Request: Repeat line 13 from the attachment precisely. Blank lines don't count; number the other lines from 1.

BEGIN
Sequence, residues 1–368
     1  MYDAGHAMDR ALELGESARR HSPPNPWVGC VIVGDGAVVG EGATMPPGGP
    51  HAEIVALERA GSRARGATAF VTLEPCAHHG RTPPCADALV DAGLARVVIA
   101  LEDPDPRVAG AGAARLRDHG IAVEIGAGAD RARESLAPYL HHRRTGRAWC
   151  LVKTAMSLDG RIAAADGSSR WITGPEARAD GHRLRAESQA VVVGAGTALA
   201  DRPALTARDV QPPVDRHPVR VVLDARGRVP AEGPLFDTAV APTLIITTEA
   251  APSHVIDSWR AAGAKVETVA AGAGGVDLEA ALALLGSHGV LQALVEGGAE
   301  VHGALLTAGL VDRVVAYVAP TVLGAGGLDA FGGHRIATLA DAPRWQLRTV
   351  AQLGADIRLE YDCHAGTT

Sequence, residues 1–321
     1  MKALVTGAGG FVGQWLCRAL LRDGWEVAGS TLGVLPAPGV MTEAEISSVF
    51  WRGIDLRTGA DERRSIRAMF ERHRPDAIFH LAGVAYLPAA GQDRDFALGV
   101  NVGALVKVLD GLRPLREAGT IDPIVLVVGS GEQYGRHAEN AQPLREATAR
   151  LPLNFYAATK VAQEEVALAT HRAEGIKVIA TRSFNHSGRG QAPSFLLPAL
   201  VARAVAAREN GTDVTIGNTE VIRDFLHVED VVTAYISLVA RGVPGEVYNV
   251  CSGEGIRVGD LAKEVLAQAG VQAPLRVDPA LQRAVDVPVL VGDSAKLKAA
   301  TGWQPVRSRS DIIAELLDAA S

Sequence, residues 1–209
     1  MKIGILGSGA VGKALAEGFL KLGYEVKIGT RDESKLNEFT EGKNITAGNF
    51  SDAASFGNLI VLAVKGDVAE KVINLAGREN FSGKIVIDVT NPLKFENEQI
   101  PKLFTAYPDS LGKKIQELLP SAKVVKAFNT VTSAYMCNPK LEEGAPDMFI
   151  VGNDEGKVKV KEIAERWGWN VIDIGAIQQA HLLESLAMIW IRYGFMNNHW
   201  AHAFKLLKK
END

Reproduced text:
   101  NVGALVKVLD GLRPLREAGT IDPIVLVVGS GEQYGRHAEN AQPLREATAR